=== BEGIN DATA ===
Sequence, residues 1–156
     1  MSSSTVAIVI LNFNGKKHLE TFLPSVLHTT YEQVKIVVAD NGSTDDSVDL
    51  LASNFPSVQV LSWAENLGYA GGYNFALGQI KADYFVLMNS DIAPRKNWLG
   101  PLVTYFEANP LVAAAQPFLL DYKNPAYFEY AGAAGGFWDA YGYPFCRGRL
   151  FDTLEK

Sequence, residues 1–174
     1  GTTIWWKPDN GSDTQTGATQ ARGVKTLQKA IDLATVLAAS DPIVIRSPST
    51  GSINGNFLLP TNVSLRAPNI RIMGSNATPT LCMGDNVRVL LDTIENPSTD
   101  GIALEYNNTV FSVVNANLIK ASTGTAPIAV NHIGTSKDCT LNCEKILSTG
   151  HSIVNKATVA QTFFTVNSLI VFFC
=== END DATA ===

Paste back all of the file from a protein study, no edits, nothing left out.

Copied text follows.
Sequence, residues 1–156
     1  MSSSTVAIVI LNFNGKKHLE TFLPSVLHTT YEQVKIVVAD NGSTDDSVDL
    51  LASNFPSVQV LSWAENLGYA GGYNFALGQI KADYFVLMNS DIAPRKNWLG
   101  PLVTYFEANP LVAAAQPFLL DYKNPAYFEY AGAAGGFWDA YGYPFCRGRL
   151  FDTLEK

Sequence, residues 1–174
     1  GTTIWWKPDN GSDTQTGATQ ARGVKTLQKA IDLATVLAAS DPIVIRSPST
    51  GSINGNFLLP TNVSLRAPNI RIMGSNATPT LCMGDNVRVL LDTIENPSTD
   101  GIALEYNNTV FSVVNANLIK ASTGTAPIAV NHIGTSKDCT LNCEKILSTG
   151  HSIVNKATVA QTFFTVNSLI VFFC